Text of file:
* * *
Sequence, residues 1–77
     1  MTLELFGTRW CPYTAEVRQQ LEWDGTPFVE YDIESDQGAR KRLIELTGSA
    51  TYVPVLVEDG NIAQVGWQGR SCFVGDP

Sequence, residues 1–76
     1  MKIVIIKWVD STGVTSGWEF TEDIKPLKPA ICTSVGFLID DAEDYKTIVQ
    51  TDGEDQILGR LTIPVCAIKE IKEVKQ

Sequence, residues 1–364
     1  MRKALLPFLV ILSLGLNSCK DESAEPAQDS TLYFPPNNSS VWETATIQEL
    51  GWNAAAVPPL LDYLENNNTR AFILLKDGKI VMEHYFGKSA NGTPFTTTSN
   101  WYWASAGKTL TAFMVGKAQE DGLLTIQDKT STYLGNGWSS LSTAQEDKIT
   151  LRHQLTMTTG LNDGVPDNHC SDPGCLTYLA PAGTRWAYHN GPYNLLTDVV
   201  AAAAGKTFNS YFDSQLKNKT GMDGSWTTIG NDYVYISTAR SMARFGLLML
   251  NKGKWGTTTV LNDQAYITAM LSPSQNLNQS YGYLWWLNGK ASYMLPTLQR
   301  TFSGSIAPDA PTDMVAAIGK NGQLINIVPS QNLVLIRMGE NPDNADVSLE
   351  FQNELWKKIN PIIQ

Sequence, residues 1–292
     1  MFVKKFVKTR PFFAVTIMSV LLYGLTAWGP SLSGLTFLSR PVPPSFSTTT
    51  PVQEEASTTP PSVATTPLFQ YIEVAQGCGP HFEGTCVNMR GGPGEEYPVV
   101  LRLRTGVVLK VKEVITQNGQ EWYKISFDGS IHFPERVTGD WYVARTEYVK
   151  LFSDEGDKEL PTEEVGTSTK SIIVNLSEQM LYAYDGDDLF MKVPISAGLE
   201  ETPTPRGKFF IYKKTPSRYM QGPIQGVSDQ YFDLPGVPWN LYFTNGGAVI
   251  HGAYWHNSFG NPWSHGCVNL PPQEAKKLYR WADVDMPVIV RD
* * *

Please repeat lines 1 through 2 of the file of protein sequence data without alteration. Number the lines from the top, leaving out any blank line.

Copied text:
Sequence, residues 1–77
     1  MTLELFGTRW CPYTAEVRQQ LEWDGTPFVE YDIESDQGAR KRLIELTGSA